If the driverless economy is imminent, and the endgame is fleets of fully utilized robot vehicles that create radical reductions in personal vehicle ownership, why would a car company be complicit in undermining its own market? The answer is that it wouldn’t.
No car company actually expects the futuristic, crash-free utopia of streets packed with Level 5 driverless vehicles to transpire anytime soon, nor for decades. But they do want to be taken seriously by Wall Street as well as stir up the imaginations of a public increasingly disinterested in driving. And in the meantime, they hope to sell lots of vehicles with the latest sophisticated driver-assistance technology.
So it’s really about the “latest sophisticated driver-assistance technology” – particularly for collision avoidance. If built-in technology can prevent everything from fender benders to fatalities, that’s most of the problem solved, at least as far as insurers are concerned.
And it may be the cost of insurance that drives the real change. If, say, you have a car that prevents almost all accidents with respect to your personal liability, presumably you’ll see massive savings on insurance. Which means, in turn, that those without the technology will see massive increases. And may not even be able to afford it.
But there will also be a responsibility for those with driver-assistance technology to continually upgrade and maintain it to fail-safe standards. Or again, the liability will be crushing if it can be shown that the owner was negligent in doing so.
So here’s the question: why take personal responsibility? Why, rather than owning a car, instead rent, lease, share or contract with the provider of vehicles – effectively service providers rather than car sellers. The service provider takes on the responsibility for the technology, and the liability, while also providing the latest versions in a very fast-changing market.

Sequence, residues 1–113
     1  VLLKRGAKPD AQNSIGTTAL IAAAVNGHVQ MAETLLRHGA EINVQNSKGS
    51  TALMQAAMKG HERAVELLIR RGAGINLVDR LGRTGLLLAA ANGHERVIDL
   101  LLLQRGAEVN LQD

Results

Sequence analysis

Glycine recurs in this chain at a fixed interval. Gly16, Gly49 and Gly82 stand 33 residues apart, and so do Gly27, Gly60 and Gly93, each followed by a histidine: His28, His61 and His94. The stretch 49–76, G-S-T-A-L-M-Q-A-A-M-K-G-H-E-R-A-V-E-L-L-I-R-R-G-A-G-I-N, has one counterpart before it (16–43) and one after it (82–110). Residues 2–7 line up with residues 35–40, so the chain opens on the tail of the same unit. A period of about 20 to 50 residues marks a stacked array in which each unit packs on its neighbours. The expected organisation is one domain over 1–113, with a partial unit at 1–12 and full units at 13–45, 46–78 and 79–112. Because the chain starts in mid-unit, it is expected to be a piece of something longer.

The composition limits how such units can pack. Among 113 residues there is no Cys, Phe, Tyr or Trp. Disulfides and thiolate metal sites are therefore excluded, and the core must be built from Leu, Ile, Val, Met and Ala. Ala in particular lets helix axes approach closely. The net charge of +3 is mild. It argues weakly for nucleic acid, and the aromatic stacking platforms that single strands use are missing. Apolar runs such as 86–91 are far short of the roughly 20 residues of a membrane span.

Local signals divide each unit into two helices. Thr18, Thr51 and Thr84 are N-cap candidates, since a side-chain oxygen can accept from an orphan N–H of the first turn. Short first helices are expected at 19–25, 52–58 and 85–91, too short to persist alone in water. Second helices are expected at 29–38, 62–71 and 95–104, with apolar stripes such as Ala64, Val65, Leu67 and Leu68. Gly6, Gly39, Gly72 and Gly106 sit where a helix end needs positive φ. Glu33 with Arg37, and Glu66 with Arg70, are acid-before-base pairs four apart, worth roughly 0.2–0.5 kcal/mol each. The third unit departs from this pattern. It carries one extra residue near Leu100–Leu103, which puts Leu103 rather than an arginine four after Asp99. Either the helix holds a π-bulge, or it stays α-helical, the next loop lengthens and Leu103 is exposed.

Rather like car-sharing already, you won’t actually have to own a car to get the benefits of a car. And that will have two further radical consequences.
It will break the psychological bond an individual has with the personal vehicle they purchased – a bond cultivated with a century of advertising and cultural expectation. By contrast, no one really falls in love with the particular smart phone they have at the moment, knowing the technology and model will change so fast. It’s the service, not the hardware, that creates the dependence.
Then, once the personal bond with the vehicle is broken, it changes how government can approach taxation. At the moment, it’s almost a third rail in politics to directly tax a driver by, say, increasing the price of gas or imposing a toll – anything that’s visible to and resented by the driver. But what if government instead was taxing the service provider?
How much, for instance, is the tax on any individual cell-phone call? You don’t know and you don’t care. The tax is invisible, incorporated into your service contract, which is paid for once a month in a way you hardly notice. What if the same was true for transportation services? Rather than the car driver paying the tax, it was paid by the transportation service provider, who was also responsible for collecting it.
The Mobility Pricing Commission, currently looking at options for road pricing in Metro, should be thinking about a future scenario where taxation is separate from infrastructure and instead is incorporated into the price of a service which almost everyone will need. Rather like your phone.